How nature is telling us something important about the connection between light and gravity

Image credit: NASA

My formal education was extremely haphazard until I reached university. Prior to that, my family had bounced from one country to the next and consequently I bounced from one system of education to the next, quite often delivered in languages I had to acquire quickly in order to have any idea at all of what was being presented to me.

Not surprisingly, I reached the age of fifteen with a disparate grab-bag of knowledge and had to perform a rapid catch-up in order to pass the British O-level and A-level examinations that were the gateway to higher education at that time.

Most of what I learned about mathematics was self-taught, pulled from a variety of textbooks most of which seemed to have been written with the sole purpose of obfuscating their subject-matter or, conversely, making it so dull that the reader would rather commit suicide than plod to the end of yet another tedious chapter.

Yet there was an upside: I learned to conceptualize ideas rather than simply memorize formulae, and because of this I found I could sometimes derive new concepts before encountering them in the standard textbooks. And the more I learned, the more I learned to love Physics because Physics is at heart a never-ending symphony of concepts.

Although I wasn’t able to study Physics at university, I was increasingly fascinated by the subject, most especially cosmology. In my thirties I balanced work and my private life against gaining greater depth in theoretical physics, and necessarily struggled to improve my mathematical abilities upon which adequate understanding relies.

Now, in my sixth decade, I find myself returning once again to the problems that stumped me all those years ago.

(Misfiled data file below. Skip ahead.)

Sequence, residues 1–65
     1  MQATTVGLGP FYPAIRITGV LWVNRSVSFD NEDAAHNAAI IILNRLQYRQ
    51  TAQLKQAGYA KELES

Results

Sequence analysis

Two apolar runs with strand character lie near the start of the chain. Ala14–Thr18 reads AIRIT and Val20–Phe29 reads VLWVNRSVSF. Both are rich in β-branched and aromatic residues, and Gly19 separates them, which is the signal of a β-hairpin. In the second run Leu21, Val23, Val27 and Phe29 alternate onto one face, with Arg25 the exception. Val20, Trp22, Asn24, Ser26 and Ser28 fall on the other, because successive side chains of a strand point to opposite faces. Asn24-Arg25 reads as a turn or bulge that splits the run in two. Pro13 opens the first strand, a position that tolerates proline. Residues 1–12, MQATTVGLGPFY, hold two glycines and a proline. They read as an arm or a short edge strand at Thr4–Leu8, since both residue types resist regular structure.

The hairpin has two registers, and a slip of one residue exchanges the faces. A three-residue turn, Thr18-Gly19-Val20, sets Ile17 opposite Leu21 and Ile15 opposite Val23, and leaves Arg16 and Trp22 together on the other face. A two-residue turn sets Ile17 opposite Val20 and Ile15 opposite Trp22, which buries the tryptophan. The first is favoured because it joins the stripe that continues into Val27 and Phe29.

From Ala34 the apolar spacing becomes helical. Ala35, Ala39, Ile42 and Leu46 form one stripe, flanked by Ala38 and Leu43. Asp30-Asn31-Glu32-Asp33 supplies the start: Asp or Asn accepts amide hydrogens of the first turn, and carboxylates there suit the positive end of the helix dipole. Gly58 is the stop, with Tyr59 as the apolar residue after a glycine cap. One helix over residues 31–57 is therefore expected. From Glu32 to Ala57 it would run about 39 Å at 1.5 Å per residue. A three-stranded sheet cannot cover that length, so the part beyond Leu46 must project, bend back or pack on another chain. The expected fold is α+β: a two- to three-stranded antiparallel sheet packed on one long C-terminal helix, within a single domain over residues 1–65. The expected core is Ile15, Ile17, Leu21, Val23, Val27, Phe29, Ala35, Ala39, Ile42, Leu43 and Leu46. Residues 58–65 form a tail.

To the general reader, the problems of theoretical physics may seem arcane concerns of no practical value to everyday life, but in fact they are fundamental and ultimately will have the same utility as Maxwell’s equations of electromagnetism (which powered the 20th century) and Einstein’s General Relativity (which, among many other things, underpin GPS signal corrections, enable us to calculate gravity-assisted trajectories for interplanetary missions, and allow us to understand the evolution of the entire universe).

And frankly, physics is astonishing. Have you ever thought about gravity?

We stand on the surface of a decent-sized planet. The diameter of Earth is 12.742 x 10³ kilometers and its mass is 5.972 x 10²⁴ kilograms. In other words, it’s a pretty big piece of space rock. As we know from General Relativity, mass distorts spacetime and that distortion is what we call gravity. Every atom in our bodies is constantly being pulled by gravity towards the center of the Earth. Gravity is why we don’t float off into space.

Yet the really strange thing is this: given how absolutely massive the Earth is in comparison to our tiny bodies, its effect is extremely weak. We don’t need enormous muscles in order to be able to get up from the sofa or raise an arm to reach out for a drink. All that enormous mass beneath us exerts an effect that we can defeat simply by lifting our arms.

Meanwhile all the other fundamental forces are far stronger. Using a simple bar magnet we can pull metal paper-clips upward. A tiny magnet weighing perhaps 100 grams can overcome the gravitational field of our entire Earth. And that’s astonishing when we stop to think about it.

One of the great problems of physics for more than a century has been this discrepancy between the fundamental forces. Gravity is weaker than the other three fundamental forces (strong nuclear, weak nuclear, and electromagnetic) by many orders of magnitude. Yet, despite its weakness, it’s the only fundamental force that has theoretically infinite range. And it is the only force for which an adequate quantum interpretation is still lacking.